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The Evolution of a Labor of Love
Three years ago a labor of love began. I was approached by the Michael J. Fox Foundation to collaborate on a series of communication guides for Parkinson’s patients and their caregivers.
Much had been written about managing symptoms. Yet, because of the complexities around confronting, breaking down, and offering guidance around these difficult conversations, few resources existed for discussing Parkinson’s in the workplace or within families.
How We Thought About
Communicating New Information
First, we decided on a “guide” format, as it offers the clearest way to communicate information. Revealing emotionally charged information is hard, so the guides would be designed to offer clear actions and planning tools in an easy-to-digest format.
Then we examined the information gaps. We found little guidance for 1) disclosing a Parkinson’s diagnosis in the workplace, and no practical advice for 2) managing workplace relationships after a diagnosis. These became the topics for the first two Guides.
We agreed on the Guide’s primary goal: to the degree possible, take away or minimize the uncertainty and stress around communicating a diagnosis and managing relationships after a disclosure.
The reaction was, and continues to be, very positive. We heard from many patients and caregivers and began to receive suggestions for other topics, opening up possibilities for resource guides beyond workplace topics. This led us to consider new paths and a third Guide.
Of the many suggestions we debated, the idea that rose to the top was communicating with children and teens. Helping a child process what they are seeing and experiencing when a family member has received a diagnosis is beyond my area of professional expertise. We quickly enlisted the help of four highly trained psychologists and therapists. Their contributions to Guide 3, below, were invaluable.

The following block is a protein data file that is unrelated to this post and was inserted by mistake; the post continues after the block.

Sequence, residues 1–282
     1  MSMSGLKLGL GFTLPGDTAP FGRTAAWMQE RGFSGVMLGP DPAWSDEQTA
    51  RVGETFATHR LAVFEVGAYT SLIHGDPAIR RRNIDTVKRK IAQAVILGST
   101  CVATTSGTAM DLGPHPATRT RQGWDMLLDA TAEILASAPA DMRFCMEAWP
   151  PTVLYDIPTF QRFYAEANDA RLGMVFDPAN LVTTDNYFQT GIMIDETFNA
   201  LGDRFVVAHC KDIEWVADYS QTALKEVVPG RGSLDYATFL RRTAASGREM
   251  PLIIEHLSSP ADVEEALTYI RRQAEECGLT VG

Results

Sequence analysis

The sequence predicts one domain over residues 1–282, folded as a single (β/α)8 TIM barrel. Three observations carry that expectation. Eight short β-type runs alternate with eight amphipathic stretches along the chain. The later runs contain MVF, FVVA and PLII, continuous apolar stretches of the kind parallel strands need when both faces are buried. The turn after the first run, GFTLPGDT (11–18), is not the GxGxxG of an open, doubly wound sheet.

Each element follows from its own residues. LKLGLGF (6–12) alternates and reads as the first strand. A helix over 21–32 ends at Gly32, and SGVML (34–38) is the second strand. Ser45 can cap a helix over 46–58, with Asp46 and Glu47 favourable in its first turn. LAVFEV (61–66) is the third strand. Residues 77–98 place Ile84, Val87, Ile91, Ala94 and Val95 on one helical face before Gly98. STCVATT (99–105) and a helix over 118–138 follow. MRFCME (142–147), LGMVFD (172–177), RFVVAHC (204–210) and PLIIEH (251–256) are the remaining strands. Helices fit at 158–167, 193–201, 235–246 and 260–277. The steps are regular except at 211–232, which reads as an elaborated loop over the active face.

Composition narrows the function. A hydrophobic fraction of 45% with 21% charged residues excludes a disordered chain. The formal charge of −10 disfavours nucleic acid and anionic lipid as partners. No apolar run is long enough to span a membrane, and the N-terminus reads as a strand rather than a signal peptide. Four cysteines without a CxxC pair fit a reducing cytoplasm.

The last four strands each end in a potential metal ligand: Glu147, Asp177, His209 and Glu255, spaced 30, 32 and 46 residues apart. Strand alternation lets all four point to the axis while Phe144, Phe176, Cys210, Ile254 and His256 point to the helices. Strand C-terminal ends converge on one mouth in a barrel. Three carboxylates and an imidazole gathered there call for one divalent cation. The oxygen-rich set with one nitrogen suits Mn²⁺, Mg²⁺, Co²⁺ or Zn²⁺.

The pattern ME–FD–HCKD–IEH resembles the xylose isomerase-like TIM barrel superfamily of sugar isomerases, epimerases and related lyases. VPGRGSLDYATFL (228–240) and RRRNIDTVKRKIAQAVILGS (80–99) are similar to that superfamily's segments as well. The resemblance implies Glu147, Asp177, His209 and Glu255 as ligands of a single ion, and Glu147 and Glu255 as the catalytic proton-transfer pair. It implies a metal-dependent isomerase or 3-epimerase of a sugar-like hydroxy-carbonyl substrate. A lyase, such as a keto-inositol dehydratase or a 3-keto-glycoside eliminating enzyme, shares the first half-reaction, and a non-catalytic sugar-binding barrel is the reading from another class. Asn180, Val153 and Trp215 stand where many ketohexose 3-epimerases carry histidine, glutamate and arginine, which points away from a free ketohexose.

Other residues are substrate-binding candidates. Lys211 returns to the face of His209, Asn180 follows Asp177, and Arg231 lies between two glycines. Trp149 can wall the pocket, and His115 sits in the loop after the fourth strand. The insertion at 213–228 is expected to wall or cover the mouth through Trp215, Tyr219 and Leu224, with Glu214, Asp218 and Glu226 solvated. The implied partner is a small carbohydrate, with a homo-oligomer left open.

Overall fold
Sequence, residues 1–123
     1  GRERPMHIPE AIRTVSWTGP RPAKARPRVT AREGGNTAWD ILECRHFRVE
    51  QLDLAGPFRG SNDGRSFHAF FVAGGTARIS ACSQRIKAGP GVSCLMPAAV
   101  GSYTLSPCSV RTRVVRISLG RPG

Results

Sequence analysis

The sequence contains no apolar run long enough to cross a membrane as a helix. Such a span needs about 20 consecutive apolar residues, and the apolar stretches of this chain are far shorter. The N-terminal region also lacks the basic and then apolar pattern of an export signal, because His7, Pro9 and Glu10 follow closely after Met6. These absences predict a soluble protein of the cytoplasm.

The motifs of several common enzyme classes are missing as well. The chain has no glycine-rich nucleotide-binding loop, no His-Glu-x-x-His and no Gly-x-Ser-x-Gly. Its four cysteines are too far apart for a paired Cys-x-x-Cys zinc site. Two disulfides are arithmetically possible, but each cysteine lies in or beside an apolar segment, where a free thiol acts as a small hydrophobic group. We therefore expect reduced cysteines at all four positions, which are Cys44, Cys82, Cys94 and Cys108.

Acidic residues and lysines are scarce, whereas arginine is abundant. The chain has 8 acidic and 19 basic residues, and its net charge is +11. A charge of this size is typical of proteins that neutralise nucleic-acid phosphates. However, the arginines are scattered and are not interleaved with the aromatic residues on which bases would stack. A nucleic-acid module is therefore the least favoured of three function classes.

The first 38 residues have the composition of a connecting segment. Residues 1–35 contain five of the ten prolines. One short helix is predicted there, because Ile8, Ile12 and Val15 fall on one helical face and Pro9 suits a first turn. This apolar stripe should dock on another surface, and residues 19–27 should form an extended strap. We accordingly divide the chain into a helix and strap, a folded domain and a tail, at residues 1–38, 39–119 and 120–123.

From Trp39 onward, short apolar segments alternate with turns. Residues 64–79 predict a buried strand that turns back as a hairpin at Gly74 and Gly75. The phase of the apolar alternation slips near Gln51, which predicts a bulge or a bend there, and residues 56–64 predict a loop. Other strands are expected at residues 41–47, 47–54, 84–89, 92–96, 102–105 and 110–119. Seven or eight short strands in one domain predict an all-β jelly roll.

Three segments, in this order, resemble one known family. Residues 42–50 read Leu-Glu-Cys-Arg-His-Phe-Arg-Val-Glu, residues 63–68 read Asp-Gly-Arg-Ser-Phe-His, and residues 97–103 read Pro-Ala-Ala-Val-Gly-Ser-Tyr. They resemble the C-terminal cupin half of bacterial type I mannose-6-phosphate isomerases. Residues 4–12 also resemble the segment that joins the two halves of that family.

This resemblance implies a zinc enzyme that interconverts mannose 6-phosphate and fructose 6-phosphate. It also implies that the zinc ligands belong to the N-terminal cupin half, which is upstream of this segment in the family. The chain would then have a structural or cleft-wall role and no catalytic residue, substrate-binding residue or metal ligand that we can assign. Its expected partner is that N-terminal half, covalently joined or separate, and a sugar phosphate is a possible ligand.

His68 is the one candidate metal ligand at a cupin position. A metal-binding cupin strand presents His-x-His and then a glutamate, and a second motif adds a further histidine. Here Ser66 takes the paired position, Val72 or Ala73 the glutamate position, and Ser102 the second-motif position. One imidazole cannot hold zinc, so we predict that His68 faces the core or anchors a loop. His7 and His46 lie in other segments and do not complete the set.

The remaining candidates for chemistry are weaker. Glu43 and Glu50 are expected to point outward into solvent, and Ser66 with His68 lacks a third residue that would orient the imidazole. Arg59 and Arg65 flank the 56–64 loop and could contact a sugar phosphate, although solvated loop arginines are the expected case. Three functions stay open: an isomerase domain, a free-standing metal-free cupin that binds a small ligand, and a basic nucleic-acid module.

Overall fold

Some unexpected things began happening after the first guide was published.
We discovered that the information and advice we presented is universal to anyone who has received a diagnosis or is caring for someone with an illness or disability. We began receiving requests from people outside the Parkinson’s community. Corporations, affinity groups, and nonprofits working with populations/caregivers who have a disability or chronic illness have used the guides to support their members.
Though always challenging and humbling, learning about the issues faced by those affected by Parkinson’s and other diagnoses has also been an inspiring experience. It continues to be an honor to collaborate with extraordinary patients and caregivers who freely offer their stories and experiences. And, I cannot say enough about the clinicians and the remarkable staff at MJFF. These are people whose decades of professional expertise is matched only by their compassion.
If you know anyone who has recently received or is managing a diagnosis, living or caring for someone with a disability, and you believe that the information in any of the guides can help, please share freely.
There will be a 4th Guide published in 2019. Planning begins in October. We’d love to hear your suggestions for topics.